Adverse Childhood Experiences (ACEs) Toolkit
This toolkit contains information, advice and practical tools for individuals and professionals who work with, or care for, children who have had adverse childhood experiences (ACEs).
ACEs is a term used to describe very stressful events or circumstances that children may experience during their childhood. The term was introduced in a seminal 1998 US study on the impact of childhood abuse and neglect and household challenges on later-life health and wellbeing (Felitti et al., 1998). This early study showed an association between adverse experiences in childhood and potentially profound impacts on later health and social functioning.
Twenty years of extensive international research has since shown a strong predictive relationship between the number of ACEs one is exposed to as a child, and the probability of physical health, mental health and social and behavioural problems occurring through childhood into adult life, and being passed on to the next generation (Hughes et al., 2017). The most widely recognised and researched ACEs relate to abuse, neglect and household adversities, and include:
- childhood physical, sexual and emotional abuse
- physical neglect and emotional neglect
- exposure to family violence
- parental substance use
- parental mental illness
- parental separation or divorce, and
- parental incarceration.
There is a misconception that these adversities are experienced only, or predominantly, by certain population sub-groups. While children from lower socioeconomic positions have a greater risk of experiencing ACEs (Walsh, McCartney, Smith & Armour, 2019), research consistently shows that individuals across all demographics can be exposed to ACEs.
An estimated 72% of Australian children have been exposed to at least one ACE, with this rate being higher in some vulnerable Australian populations e.g. Aboriginal and Torres Strait Islanders (Zubrick et al., 2005), juvenile offenders (Baglivio et al., 2014), and children involved in welfare services (Kerker et al., 2015).
Follow the links below for a range of ACEs information, tools and resources.
Baglivio, M. T., Epps, N., Swartz, K., Sayedul Huq, M., Sheer, A., & Hardt, M. S. (2014). The prevalence of adverse childhood experiences (ACE) in the lives of juvenile offenders. Journal of Juvenile Justice, 3(2).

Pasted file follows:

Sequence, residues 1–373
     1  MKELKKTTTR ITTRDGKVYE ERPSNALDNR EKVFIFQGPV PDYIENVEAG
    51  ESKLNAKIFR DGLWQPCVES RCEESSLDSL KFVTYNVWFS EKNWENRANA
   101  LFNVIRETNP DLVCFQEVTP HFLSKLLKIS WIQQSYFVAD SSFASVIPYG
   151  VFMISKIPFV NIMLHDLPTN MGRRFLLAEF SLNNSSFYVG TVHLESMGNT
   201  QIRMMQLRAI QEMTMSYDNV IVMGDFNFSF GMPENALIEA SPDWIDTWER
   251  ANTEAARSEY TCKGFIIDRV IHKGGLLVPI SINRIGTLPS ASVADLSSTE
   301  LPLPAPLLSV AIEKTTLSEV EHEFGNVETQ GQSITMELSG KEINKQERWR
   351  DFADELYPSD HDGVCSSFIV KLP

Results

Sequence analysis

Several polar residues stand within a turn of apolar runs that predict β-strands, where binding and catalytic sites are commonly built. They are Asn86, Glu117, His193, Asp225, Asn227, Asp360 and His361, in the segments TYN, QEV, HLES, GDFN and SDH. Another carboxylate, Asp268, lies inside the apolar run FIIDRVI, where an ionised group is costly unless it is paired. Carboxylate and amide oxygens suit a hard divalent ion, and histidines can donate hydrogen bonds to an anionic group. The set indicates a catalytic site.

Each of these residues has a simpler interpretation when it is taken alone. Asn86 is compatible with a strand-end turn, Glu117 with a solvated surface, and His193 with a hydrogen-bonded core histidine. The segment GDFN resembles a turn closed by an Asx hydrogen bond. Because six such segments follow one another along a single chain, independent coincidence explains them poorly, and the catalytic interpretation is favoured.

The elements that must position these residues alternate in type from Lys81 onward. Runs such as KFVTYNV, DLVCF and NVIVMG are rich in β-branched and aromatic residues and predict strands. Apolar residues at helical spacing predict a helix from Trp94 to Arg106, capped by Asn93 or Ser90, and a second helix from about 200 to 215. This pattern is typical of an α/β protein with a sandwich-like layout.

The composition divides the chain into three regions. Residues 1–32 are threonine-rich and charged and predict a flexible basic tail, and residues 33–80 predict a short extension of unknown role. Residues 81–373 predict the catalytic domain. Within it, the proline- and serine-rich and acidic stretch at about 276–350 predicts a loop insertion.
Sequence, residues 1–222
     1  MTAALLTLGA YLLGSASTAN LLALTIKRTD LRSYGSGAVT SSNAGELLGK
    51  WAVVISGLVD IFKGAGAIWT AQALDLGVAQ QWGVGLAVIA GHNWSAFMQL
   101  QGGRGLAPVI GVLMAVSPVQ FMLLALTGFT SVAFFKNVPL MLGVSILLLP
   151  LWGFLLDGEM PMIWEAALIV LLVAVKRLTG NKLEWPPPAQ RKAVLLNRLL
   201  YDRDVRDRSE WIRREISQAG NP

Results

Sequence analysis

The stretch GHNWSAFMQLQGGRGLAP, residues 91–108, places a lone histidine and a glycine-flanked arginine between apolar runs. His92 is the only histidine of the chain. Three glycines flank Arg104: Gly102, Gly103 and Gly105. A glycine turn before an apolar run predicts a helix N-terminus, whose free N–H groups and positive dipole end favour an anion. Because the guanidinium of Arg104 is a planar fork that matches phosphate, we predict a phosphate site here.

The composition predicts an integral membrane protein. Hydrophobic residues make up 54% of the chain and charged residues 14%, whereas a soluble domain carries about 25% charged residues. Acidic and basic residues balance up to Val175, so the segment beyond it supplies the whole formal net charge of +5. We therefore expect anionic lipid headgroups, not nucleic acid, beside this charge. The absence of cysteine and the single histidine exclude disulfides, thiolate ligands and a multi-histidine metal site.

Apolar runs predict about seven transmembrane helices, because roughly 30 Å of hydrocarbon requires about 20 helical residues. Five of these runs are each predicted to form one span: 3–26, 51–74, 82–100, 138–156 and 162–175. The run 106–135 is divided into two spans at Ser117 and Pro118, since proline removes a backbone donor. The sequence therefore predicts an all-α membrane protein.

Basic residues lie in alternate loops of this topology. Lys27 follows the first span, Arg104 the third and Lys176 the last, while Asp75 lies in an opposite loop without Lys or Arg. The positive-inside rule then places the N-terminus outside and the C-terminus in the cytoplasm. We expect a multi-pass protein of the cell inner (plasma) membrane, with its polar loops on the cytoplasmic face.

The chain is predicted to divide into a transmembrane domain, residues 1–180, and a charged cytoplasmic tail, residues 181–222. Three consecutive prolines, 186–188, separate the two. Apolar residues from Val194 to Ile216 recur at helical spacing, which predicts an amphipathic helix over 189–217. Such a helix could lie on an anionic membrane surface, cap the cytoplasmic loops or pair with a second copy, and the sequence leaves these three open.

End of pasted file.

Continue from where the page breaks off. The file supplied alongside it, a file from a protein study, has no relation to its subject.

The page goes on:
Felitti, V. J., Anda, R. F., Nordenberg, D., Williamson, D. F., Spitz, A. M., Edwards, V., … Marks, J. S. (1998). Relationship of childhood abuse and household dysfunction to many of the leading causes of death in adults: The Adverse Childhood Experiences (ACE) study. American Journal of Preventive Medicine, 14(4), 245-258. doi: 10.1016/s0749-3797(98)00017-8
Hughes, K., Bellis, M. A., Hardcastle, K. A., Sethi, D., Butchart, A., Mikton, C., … Dunne, M. P. (2017). The effect of multiple adverse childhood experiences on health: a systematic review and meta-analysis. The Lancet Public Health, 2(8), e356-e366. doi: 10.1016/S2468- 2667(17)30118-4
Kerker, B.D., Zhang, J., Nadeem, E., Stein, R. E. K., Hurlburt, M. S., Heneghan, A., … McCue Horwitz, S. (2015). Adverse childhood experiences and mental health, chronic medical conditions, and development in young children. Academic Pediatrics, 15(5), 510-517. doi: 10.1016/j.acap.2015.05.005
Walsh, D., McCartney, G., Smith, M., & Armour, G. (2019). Relationship between childhood socioeconomic position and adverse childhood experiences (ACEs): a systematic review. Journal of Epidemiology and Community Health, 73(12), 1087-1093. doi: 10.1136/jech-2019-212738
Zubrick, S., Silburn, S. R., Lawrence, D., Mitrou, F. G., Dalby, R. B., Blair, E., … Li, J. (2005). The Western Australian Aboriginal Child Health Survey: The social and emotional wellbeing of Aboriginal children and young people. Perth, Western Australia: Curtin University of Technology and the Telethon Institute for Child Health Research.